The Violin Concerto No. 3 in G major, K. 216, was composed by Wolfgang Amadeus Mozart in Salzburg in 1775 when he was only 19.
The piece is in three movements:
3. Rondeau, Allegro
The Allegro is in sonata form, opening with a brilliant G major theme, played by the orchestra. The main theme is a bright and happy discussion between the solo violin and the accompanist, followed by a modulation to the dominant D major, then its parallel key D minor. It experiments in other keys but does not settle and eventually heads back to the tonic, G major, in the recapitulation with the help of the cadenza.
The second movement is also in ternary form form, and in the dominant key of D major. The orchestra begins by playing the well known and beautiful main theme, which the violin imitates one octave higher. The winds then play a dance-like motif in A major, which the violin concludes by its own. After a conclusion in A, the violin plays the main theme again, remaining in the same key. When it should have sounded A natural, it sounds A sharp, and the melody switches to B minor, in a fairly tragic passage. It soon modulates back to A major, and to the home key of D major through the main theme. After the cadenza, and in a quite unusual thing for Mozart to do, the violin plays the main theme again, thus concluding the movement in D.
The third movement is a Rondeau Allegro, and opens with an orchestra theme which gave the concerto its nickname: "Straßburg". After a lonely, short passage by the oboes only, the solo violin enters with a different melody which modulates to D. A brilliant and high passage in D is soon followed by a descending arpeggio-like melodic line which eventually leads to the G string and repeats itself. After the second time, the violin plays the lonely oboe line from the introduction. A chromatic scale then leads to the "Straßburg" theme with the violin playing.
The orchestra imitates the violin and abruptly changes to B minor and a B minor violin theme: exactly the same theme as in the first violin solo, played in the relative minor key. As the theme itself repeats, it once again abruptly changes to E minor. The small E minor cadenza introduces the orchestra, which once again plays the "Straßburg" theme in G major. After a couple of bars in D major by the orchestra, the music goes from Allegro to an Andante in G minor, almost in the fashion of a scherzo-trio form. The strings play saltando quavers while the violin plays a note-rest small melodic line which repeats itself and eventually leads to a G major Allegretto.
The violin plays a crotchet-only playful theme, while the orchestra plays brilliant and fast threesome up-and-down notes, in a way that the solo violin's part acts as a background only. The parts switch and now the orchestra plays the playful theme, while the violin gets to show off by playing fast notes. The quick passages stop for the violin to play a more ceremonial theme played on the D and A strings, in the fashion of a Musette.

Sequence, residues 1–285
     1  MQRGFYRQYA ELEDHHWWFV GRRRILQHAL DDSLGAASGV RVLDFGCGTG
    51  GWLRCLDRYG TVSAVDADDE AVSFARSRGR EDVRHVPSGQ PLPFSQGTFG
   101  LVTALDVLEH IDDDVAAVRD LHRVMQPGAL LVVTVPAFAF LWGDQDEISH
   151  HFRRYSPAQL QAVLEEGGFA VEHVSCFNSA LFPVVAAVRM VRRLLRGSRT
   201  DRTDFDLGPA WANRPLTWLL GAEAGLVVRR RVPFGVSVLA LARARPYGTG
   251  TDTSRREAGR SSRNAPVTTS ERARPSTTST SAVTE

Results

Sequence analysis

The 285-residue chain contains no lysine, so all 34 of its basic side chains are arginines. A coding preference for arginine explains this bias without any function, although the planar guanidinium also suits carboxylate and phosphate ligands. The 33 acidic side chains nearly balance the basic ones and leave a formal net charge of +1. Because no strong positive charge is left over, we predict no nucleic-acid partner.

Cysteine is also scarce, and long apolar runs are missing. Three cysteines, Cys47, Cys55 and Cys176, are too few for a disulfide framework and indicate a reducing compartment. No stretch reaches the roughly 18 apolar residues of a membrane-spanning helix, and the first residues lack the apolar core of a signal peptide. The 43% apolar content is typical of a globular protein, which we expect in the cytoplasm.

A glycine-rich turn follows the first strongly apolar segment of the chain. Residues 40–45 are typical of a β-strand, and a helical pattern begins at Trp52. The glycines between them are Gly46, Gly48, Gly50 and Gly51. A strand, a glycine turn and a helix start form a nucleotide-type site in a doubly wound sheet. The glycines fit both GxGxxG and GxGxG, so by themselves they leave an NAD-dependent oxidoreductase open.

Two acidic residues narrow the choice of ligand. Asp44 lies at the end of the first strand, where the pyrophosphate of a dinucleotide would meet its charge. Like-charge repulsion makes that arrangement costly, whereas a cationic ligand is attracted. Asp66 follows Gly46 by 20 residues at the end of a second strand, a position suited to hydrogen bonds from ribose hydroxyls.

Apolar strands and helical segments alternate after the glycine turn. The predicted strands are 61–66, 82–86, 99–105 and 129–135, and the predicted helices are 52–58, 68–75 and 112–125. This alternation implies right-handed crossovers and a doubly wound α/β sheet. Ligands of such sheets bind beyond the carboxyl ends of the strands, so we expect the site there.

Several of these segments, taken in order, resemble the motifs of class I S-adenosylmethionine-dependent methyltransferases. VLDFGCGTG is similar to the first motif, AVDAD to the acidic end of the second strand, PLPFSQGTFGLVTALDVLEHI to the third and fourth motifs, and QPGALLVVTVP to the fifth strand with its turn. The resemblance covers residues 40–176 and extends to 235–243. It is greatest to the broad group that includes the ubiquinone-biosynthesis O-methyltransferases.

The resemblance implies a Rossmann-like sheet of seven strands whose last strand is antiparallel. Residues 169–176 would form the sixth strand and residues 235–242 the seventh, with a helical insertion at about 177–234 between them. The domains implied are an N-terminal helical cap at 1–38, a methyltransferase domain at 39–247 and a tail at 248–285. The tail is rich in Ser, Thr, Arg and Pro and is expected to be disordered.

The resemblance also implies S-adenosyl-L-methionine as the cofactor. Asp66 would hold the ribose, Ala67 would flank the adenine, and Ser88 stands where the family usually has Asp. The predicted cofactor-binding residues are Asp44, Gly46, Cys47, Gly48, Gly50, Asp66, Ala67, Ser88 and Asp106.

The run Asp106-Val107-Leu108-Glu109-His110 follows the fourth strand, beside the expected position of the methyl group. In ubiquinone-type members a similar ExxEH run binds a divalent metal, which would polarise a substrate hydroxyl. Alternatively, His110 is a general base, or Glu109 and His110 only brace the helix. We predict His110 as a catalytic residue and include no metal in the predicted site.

This pattern sounds two more times until the violin concludes the fast theme with a low G, and switches to Tempo 1. After a few bars, the first solo theme that the violin played is played as a variation in A minor. The violin plays the "Straßburg" theme in G minor, and the orchestra imitates it in the usual form of G major. After the typical first solo variation, this time in the tonic key. The violin plays another small cadenza which leads to the last "Straßburg" theme played in two octaves. The orchestra plays it one third time in the lower octave.
Instead of ending the concerto in a pompous way, Mozart chose to end it instead with the lonely oboe theme in G major played by piano, adding the feeling of a musical "disappearing".
This Violin concerto is also called "Straßburg Concerto" (Strasbourg) in Mozart's letters, because of a so called "Strasbourgeoise" theme (some sort of French pot-pourri very popular at the time) he used in the finale.
K. 216 is thought to be Mozart’s most popular violin concerto. Compared with his previous concertos, the third concerto has become larger in scale, demanding a more exquisite technique, and exhibits Mozart’s development as a composer. It is perhaps the first time that Mozart succeeds in filling the outlines of the three-movement Classical chamber concerto with the smart, colorful melodies that shows his unique style. Mozart likes to use the technique of implying a connection of folk-like tune, which is also very common in the creation of the 18th century concerto. In his violin concerto, especially in the final movement, we could often figure out the melody inspired by folk songs or dance music, which makes his violin concerto very similar to his serenade.
According to a recent study at the University of Helsinki, classical music like Mozart's Violin Concerto No.3 can activate the release of Dopamine that controls our brain's reward and pleasure centres, but can also physically change our genes.
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